The Dangers Of Inflating “Spiritual” People & Looking Down On Those Who Aren’t “Spiritual”

Lissa Rankin, MD
7 min readMar 13, 2023

I used to have a very grandiose, inflating, “othering” idea of what a “spiritual” person was or wasn’t. Having already rejected the fundamentalist Christianity of my mother’s persuasion, I considered “spiritual” people “better than” religious people, who I judged as racist, homophobic, patriarchal, and oppressive.

I’m embarrassed to admit that I thought of “spiritual” people as the witches and wizards of Hogwarts, looking down with some derision upon those “lesser than” Muggles, who trudged along without having seen to the other side of the veil. I was not alone. Others around me insisted they would only date or hire “spiritual” people, bragging about being part of that club themselves and not wanting to be bothered with the more “ordinary” sorts.

Thinking back to that time, it hadn’t even occurred to me that the whole Hogwarts/ Muggle dynamic was very Nazi Germany, inflating the witches and wizards while casting the Muggles as “less than.” It’s no surprise so many “spiritual” people identified as having “gone down the rabbit hole” or taken the “red pill” during the Q-tainted pandemic. Just like the Aryans looked down on everyone who was not like them in Nazi Germany, people who made the same mistake I had made, who inflated ourselves and thought we were from Hogwarts while looking down on the lowly Muggles really did have an attitude problem that became more and more apparent during the pandemic.

I felt ashamed to realize I had quietly been part of a way of thinking that contributed to the problem Harvard professor Paul Farmer referred to when he said, “The idea that some lives matter less is the root of all that is wrong with the world.”

This way of thinking shattered around me in 2016 after Trump was elected. Suddenly, the whole inflated way of thinking got mirrored back to me in the most caricature kind of President we could possibly have, but I couldn’t help looking at myself and these “spiritual” people I had allied with. That was when my mother died, and I entered the best therapy of my life, and I had to take a stark look at my own shadow, which had been hidden from me because of my spiritual bypassing tendencies.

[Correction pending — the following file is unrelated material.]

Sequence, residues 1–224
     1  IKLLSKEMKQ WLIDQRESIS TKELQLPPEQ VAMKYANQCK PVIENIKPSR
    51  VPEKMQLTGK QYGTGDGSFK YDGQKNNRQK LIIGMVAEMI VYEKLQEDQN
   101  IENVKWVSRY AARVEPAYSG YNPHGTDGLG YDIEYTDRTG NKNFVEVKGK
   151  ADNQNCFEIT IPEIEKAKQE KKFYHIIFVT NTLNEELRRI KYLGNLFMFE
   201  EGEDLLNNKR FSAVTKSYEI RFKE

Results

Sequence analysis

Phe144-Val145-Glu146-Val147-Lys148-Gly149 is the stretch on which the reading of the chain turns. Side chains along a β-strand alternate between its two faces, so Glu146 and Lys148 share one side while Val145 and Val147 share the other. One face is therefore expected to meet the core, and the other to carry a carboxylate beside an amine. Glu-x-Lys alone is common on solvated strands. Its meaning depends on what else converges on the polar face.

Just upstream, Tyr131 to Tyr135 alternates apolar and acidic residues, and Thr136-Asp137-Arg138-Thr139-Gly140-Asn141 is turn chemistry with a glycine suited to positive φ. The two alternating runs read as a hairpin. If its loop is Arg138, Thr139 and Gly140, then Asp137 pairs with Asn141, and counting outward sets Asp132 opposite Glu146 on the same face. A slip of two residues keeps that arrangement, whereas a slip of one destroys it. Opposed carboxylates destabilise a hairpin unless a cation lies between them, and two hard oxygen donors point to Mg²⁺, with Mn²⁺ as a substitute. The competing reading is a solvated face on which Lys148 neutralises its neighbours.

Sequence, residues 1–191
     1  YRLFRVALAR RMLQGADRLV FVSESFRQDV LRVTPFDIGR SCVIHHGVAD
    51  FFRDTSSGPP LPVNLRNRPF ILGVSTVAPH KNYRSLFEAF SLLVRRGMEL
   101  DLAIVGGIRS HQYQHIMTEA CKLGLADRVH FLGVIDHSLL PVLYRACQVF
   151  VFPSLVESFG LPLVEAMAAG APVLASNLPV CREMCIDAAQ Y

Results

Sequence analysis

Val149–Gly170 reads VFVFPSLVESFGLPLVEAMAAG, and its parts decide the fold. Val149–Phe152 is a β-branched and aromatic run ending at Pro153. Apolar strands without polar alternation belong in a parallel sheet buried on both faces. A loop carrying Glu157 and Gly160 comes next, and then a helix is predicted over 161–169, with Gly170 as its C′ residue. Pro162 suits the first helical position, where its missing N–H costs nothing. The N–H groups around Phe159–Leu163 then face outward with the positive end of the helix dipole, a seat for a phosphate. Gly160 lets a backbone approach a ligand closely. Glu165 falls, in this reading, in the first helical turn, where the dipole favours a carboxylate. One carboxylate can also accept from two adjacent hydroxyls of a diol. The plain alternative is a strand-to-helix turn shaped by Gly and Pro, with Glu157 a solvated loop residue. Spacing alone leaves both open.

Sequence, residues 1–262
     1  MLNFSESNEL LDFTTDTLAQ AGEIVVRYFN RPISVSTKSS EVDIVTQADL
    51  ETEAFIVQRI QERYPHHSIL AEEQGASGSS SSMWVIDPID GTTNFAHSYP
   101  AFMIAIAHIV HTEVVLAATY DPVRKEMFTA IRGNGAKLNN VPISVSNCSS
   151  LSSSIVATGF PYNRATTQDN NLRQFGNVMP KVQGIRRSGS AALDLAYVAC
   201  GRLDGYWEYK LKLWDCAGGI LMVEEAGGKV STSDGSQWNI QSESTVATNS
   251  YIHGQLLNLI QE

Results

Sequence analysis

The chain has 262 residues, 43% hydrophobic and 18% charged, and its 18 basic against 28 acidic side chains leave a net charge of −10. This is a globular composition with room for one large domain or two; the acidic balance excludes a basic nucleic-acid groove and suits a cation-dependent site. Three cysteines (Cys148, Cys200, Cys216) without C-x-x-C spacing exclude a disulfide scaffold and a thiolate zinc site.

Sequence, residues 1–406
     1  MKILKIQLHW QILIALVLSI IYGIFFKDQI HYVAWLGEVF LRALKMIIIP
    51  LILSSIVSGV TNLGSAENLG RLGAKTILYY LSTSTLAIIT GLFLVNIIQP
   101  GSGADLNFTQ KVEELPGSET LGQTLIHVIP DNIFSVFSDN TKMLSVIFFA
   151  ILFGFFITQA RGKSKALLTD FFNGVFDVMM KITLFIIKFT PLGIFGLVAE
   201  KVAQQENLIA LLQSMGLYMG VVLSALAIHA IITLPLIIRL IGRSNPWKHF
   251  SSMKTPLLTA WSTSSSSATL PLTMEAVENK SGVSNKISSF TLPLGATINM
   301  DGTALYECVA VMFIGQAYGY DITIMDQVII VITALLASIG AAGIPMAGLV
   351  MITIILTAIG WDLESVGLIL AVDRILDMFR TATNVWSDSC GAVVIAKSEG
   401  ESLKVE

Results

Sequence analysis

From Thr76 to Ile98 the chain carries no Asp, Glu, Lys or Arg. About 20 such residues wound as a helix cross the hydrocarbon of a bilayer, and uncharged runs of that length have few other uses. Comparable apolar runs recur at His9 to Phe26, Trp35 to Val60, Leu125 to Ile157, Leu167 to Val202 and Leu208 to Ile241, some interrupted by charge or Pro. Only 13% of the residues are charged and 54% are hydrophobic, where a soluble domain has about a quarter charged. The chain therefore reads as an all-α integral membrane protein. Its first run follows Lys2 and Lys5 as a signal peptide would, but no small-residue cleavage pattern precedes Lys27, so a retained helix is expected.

Looking back at how I thought about “spiritual” people, I wonder what we even meant. What was a “spiritual” person anyway? When I said that, I was referring to people who knew there was more than just dead matter in a dead universe, people who had experienced some sort of mysterious or otherworldly experience that made them think “What else is possible?” I was referring to people who “did their work,” took responsibility for their lives, and cared about making the world a better place and fulfilling their life’s purpose, as guided by a benevolent force that knew what was best for us more than our limited human minds possibly could.

While all of those qualities are still things I care about, I was largely unaware at the time of how we “spiritual people” inflated each other with thinking this way, largely unaware of how narcissistic it is to put yourself “one up” and put others “one down” (usually so you can feel better about yourself because you have yet to heal parts in your that feel less than, worthless, not good enough, not chosen, not special. Ouch.)

That shame-inducing awareness was before my spiritual bypassing recovery process began with a painful crash from an ecstatic high back in 2015, just before all hell broke loose in my country in 2016.

Now, my definition of a “spiritual person” has changed dramatically. I resonate with the Dalai Lama when he says “My religion is kindness.” Many people who hang out in spiritual communities seem to prioritize truth over kindness. As much as I love truth-seeking, I’ve come to care more about kindness than truth- though both are important. Truth without kindness can be cruel, and kindness without truth can be naive, gullible, idealistic, and hampering of your ability to spot ruthless people and hold them to account when they’re abusive.

I think a lot of truth-seekers like myself sometimes forget the importance of prioritizing kindness as at least equal to truth. It’s one thing to prioritize truth with yourself, on yourself, by yourself. It’s another to violate the boundaries of others in the name of “truth.”